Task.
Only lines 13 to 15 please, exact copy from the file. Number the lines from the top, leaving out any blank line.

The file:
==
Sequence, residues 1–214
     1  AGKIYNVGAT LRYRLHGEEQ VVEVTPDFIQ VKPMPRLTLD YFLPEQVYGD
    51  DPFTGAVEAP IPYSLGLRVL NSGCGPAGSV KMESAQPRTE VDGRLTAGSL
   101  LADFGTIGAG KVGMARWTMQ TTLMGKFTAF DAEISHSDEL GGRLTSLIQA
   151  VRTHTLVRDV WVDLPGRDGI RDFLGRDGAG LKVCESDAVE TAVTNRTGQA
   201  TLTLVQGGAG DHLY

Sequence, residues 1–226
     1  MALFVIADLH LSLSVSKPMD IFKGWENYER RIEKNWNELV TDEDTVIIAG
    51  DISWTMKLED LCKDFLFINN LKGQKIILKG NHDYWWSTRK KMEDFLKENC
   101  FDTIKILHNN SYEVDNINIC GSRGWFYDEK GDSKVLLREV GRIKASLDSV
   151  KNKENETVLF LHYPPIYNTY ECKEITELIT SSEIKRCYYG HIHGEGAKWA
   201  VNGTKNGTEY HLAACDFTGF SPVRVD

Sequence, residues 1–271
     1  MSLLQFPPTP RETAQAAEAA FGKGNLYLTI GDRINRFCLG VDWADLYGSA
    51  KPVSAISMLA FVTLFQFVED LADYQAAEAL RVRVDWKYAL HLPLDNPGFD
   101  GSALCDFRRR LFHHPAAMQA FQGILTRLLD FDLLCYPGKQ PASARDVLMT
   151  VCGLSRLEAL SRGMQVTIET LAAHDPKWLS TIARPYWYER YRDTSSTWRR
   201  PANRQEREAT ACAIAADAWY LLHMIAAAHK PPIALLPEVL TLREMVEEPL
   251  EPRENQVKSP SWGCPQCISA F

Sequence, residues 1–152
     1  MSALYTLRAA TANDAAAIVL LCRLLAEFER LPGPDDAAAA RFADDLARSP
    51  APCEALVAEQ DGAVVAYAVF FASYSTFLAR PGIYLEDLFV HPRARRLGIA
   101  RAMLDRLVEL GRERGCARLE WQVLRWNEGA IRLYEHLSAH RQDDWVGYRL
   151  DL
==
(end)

Sequence, residues 1–271
     1  MSLLQFPPTP RETAQAAEAA FGKGNLYLTI GDRINRFCLG VDWADLYGSA
    51  KPVSAISMLA FVTLFQFVED LADYQAAEAL RVRVDWKYAL HLPLDNPGFD